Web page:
The best action is to browse with caution because hackers are very good at scheming. Ask a staff member at the company if the link is genuine and carefully read the network name. Asking for the offering’s IP address is another option. The user also needs to disable sharing preferences.
2. Use VPN
Using a Virtual private network on public Wi-Fi enables users to connect to a VPN tunnel, through which one can receive and transmit, further securing the connection. Although some VPNs are cost-free, effective security features almost always require payment. Users should only use a VPN from trusted providers to ensure data safety.
3. Stick to HTTPS
When using free public Wi-Fi, only visit sites with an SSL certificate. The “HTTPS” indicates that a site has an SSL certificate. The user’s browsing is more secure when visiting websites with “HTTPS” in the URLs, which adds a layer of security. An individual’s traffic may be viewable to other users on the network while using “HTTP” addresses rather than “HTTPS” addresses when connecting to unsecured public Wi-Fi networks.
The user can consider adding an extension that compels all websites the user visits to connect via “HTTPS” to the browser. The Tor Project and The Electronic Frontier Foundation collaborated to create this extension for Firefox, Chrome, and Opera. Using this extension, the user can minimize the chances of visiting dangerous sites.
4. Use Two-factor Authentication
Users should take advantage of a website’s additional security measures while logging in. The term “two-factor authentication” simply refers to the requirement that the user provides a second factor in addition to the user’s password, which is the first factor to verify the identity. Although there are a few different ways to prove one’s identity, the most popular one is entering a code that an app or website texts. A two-factor authentication feature is available on the most popular apps and websites.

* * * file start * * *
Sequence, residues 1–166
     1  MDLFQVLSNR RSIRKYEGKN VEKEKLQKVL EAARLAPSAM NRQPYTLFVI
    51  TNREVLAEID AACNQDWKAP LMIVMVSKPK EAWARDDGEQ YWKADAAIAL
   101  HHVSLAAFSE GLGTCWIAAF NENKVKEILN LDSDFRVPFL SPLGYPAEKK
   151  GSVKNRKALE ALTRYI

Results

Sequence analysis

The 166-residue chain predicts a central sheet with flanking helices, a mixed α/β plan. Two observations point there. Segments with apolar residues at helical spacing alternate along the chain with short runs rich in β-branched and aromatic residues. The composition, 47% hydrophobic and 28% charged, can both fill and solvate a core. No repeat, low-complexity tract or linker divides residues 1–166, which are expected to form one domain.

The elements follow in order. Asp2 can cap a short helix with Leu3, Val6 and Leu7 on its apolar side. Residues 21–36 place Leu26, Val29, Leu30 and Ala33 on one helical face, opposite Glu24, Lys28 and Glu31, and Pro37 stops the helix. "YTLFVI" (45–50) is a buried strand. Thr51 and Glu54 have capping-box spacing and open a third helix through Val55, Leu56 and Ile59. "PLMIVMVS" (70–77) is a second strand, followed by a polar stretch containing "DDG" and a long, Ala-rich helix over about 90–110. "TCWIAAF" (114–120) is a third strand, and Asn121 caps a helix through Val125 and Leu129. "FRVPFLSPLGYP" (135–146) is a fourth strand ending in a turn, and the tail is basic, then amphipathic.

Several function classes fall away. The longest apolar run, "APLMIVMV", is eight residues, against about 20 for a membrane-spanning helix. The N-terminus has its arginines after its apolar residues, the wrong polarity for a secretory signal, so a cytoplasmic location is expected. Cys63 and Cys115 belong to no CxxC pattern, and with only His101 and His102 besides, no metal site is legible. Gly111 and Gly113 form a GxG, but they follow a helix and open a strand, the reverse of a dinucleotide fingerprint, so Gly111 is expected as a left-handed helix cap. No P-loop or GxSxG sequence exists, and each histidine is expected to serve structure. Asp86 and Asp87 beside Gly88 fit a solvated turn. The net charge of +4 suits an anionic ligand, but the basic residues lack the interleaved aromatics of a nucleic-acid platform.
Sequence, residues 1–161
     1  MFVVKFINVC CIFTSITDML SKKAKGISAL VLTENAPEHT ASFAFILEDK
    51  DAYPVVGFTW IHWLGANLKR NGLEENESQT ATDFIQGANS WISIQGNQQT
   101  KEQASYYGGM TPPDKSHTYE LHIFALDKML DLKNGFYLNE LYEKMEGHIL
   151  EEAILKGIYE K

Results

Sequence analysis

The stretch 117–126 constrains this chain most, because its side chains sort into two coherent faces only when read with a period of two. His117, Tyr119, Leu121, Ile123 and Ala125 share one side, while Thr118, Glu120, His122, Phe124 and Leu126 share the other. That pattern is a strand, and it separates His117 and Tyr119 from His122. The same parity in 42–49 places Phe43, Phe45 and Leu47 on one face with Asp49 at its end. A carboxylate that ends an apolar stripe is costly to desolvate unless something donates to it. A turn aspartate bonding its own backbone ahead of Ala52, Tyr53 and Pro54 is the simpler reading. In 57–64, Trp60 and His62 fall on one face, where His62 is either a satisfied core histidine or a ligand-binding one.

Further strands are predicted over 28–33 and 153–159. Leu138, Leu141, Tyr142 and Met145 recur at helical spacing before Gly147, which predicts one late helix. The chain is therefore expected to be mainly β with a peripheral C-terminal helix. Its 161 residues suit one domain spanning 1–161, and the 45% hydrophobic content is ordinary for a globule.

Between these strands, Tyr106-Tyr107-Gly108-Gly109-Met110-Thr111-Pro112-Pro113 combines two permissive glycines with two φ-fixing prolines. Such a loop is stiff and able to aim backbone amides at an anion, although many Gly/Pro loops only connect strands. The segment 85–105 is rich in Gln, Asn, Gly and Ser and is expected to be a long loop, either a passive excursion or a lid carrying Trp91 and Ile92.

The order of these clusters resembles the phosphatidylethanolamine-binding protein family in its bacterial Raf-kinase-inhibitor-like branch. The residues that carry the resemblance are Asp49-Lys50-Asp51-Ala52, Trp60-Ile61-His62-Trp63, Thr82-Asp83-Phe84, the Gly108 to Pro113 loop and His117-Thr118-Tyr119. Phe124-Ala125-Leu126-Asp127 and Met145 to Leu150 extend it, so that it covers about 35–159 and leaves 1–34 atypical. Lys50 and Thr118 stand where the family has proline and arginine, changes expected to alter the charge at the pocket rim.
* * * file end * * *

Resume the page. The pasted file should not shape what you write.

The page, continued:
5. Don’t Give Away Too Much Information
When signing up for public Wi-Fi access, the user should be very cautious if asked for personal information, such as phone number or email address. The user can consider using backup addresses that aren’t primary ones if providing the addresses is a must to connect to public Wi-Fi.
6. Use Antivirus
Antivirus protects the user accessing internet services using public Wi-Fi by identifying malware that may infiltrate the system while on a shared network. The user should use the most recent versions of the antivirus installed programs on the device at all times. Antivirus displays a warning once the program detects virus downloads onto the device or any malicious attack, suspicious activity, or malware enters the system through a network.
5. Adjust Your Connection Settings
The user should set wireless devices up not to connect to any nearby public hotspots automatically. To prevent devices from automatically connecting and searching for known Wi-Fi networks, disable the “Connect Automatically” feature. By doing this, the user prevents devices from broadcasting connectivity to a home Wi-Fi network which could allow hackers to create a malicious network using the same name.
Public Wi-Fi seriously threatens individuals and corporates using the network for work. However, most people encounter a situation where the only available option for finishing up urgent tasks is a public Wi-Fi hotspot that is free, non-secure, and open to the general public. Connecting to free public Wi-Fi is attractive and challenging to resist due to the network’s convenience. An individual critical business data will remain secure if one is aware of the risks associated with public Wi-Fi. So, if using public WiFi is a must, the user should be cautious and take precautions to reduce the chance of personal information being stolen from these connections.